Facebook's disclosure that it found 14 million user accounts it considers "undesirable" - meaning they are likely spewing spam or other malicious links and content - highlights the need for better user verification on the popular social network, security experts said.
In a US Securities and Exchange Commission (SEC) filing, Facebook said this week that as of June 30, there were 83 million fake accounts on the site, or 8.7 percent of the total of 955 million. Of those bogus accounts, 1.5 percent, or more than 14 million, were classified as "undesirable" and set up "for purposes that violate our terms of service, such as spamming."
The disclosure highlighted once again the security risks on the site for users. Spam remains a problem, as well as malicious links that download malware onto users' computers. "Fourteen million is definitely a high number," Xuxian Jiang, a security researcher at North Carolina State University, said in an interview via e-mail.
Facebook did not immediately respond to a request for comment.
Security experts agree that Facebook will need better user-verification tools to help combat the problems associated with bogus accounts. "One solution off the top of my head would be enforcing a real-identity rule for social networks, if not, at least some sort of user verification," Jiang said. "But on the other end, my uneasy concern is that it will sacrifice online privacy to some extent. A delicate balance may need to be in place."
Atif Mushtaq, a security researcher and botnet expert at FireEye, said Facebook and other websites are battling the ineffectiveness of the "captcha" test used to ensure a registrant is a real person and not the computer of a spammer or hacker. The challenge-response test typically asks for the registrant to type in a random series of letters and numbers.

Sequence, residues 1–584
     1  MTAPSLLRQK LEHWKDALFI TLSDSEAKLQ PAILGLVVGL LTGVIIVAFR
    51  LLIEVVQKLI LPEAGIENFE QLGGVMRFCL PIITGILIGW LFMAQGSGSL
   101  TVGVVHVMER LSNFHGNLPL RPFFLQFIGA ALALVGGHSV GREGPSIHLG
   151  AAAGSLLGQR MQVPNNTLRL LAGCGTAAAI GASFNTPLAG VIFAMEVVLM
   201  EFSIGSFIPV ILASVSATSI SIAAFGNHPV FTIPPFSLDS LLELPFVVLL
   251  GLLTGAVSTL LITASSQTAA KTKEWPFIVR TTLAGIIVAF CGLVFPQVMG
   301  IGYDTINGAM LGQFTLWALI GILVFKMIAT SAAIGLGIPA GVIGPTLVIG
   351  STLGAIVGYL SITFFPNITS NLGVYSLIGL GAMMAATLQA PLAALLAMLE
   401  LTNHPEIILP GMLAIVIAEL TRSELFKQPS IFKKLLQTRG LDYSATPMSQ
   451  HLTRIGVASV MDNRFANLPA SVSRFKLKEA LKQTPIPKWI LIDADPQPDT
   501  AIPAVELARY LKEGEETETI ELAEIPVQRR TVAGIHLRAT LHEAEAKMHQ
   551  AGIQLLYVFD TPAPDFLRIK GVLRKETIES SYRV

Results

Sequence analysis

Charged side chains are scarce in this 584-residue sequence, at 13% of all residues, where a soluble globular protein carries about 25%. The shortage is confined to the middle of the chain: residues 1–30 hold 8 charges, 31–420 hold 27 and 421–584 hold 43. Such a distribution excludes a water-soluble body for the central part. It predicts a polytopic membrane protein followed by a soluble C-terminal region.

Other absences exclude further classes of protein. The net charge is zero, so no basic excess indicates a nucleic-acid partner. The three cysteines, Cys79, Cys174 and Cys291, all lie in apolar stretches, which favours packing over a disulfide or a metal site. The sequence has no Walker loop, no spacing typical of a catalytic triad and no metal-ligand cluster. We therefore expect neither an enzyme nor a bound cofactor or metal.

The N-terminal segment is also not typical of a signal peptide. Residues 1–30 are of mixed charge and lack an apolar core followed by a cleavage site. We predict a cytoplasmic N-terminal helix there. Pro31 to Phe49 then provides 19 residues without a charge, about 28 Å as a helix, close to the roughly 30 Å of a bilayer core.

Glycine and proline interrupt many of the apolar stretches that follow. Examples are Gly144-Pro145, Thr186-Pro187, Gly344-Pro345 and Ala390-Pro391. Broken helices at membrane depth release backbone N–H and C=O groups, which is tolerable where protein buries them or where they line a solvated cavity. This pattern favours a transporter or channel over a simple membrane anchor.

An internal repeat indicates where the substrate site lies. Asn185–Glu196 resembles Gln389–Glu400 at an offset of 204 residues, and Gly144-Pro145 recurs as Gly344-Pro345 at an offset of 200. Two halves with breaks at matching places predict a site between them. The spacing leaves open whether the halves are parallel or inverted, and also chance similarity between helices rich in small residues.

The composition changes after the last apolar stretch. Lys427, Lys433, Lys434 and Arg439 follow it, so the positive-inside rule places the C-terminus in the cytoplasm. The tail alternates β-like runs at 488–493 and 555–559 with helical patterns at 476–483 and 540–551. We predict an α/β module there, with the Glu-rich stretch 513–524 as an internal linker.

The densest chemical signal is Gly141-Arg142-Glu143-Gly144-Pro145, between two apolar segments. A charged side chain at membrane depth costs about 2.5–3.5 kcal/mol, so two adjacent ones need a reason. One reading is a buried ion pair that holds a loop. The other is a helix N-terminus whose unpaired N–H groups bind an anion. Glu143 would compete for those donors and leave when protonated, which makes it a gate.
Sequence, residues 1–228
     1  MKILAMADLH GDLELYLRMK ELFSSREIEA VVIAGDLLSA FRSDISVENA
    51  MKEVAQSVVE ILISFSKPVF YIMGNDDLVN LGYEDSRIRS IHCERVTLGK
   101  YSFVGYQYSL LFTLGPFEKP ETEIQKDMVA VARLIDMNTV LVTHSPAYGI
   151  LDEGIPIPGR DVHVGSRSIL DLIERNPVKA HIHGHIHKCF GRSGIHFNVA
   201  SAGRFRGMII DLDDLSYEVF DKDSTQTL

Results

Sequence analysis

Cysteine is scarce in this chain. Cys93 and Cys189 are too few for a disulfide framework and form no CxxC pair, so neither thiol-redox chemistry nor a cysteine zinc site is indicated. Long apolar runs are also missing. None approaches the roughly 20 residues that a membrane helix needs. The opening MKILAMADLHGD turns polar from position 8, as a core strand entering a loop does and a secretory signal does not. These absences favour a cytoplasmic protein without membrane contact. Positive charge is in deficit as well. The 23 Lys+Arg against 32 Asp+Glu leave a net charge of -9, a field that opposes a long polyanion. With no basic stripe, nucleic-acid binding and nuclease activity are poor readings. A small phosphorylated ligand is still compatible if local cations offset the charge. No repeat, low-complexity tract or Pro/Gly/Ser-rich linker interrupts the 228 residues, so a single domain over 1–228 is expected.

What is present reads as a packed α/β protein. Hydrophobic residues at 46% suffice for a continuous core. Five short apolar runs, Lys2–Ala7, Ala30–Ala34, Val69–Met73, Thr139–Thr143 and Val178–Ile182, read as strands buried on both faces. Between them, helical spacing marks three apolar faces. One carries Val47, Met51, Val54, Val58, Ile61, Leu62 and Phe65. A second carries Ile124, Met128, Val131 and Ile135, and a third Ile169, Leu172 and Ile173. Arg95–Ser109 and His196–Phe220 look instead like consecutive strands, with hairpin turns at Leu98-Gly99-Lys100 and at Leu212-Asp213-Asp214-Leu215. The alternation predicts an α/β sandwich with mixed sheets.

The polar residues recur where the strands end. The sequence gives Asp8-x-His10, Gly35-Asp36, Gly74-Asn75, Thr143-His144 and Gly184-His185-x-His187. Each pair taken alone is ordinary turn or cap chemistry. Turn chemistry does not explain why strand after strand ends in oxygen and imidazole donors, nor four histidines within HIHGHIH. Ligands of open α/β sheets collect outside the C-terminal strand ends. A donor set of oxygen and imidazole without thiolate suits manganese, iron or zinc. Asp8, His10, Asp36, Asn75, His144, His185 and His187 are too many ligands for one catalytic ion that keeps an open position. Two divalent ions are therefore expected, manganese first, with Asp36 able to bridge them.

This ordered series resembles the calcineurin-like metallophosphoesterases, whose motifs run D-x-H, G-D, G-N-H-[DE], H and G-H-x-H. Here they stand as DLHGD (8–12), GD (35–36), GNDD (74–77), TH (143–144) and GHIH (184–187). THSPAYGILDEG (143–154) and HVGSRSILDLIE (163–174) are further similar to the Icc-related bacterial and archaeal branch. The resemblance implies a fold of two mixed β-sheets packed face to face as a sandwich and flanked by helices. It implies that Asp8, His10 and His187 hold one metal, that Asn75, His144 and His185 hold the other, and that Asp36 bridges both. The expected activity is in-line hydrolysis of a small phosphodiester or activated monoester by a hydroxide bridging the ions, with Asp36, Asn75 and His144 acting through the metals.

Cybercriminals are getting around this test by using computers they have already hijacked. When they need a real person to type in a captcha request, they send a bogus pop-up window asking one of their victims to input the needed letters and numbers to prevent their Windows operating system from restarting, Mushtaq said.
That type of captcha workaround has become popular with botnet operators. "There's no short-term solution for this problem," he said.
Facebook has taken a number of steps to try to reduce malicious links and malware on the site. The company continuously monitors the site for suspicious content and will notify users if it notices unusual activity from their computers. The site also offers an Anti-Virus Marketplace where users can download free AV software from security vendors.
Of the remaining fake accounts, Facebook reported that 45 million were duplicate accounts and 23 million were categorized as "user-misclassified," which means they were personal profiles set up for businesses, boats, pets or some other non-human entities. The disclosure comes as Facebook is under increasing scrutiny by advertisers, some of who have complained that Facebook's ad model is ineffective.
From an enterprise perspective, the presence of so many spam- and malware-distributing accounts offers further justification for corporate controls on the use of Facebook, as well as the use of security tools, such as malware detection and intruder prevention and detection technology.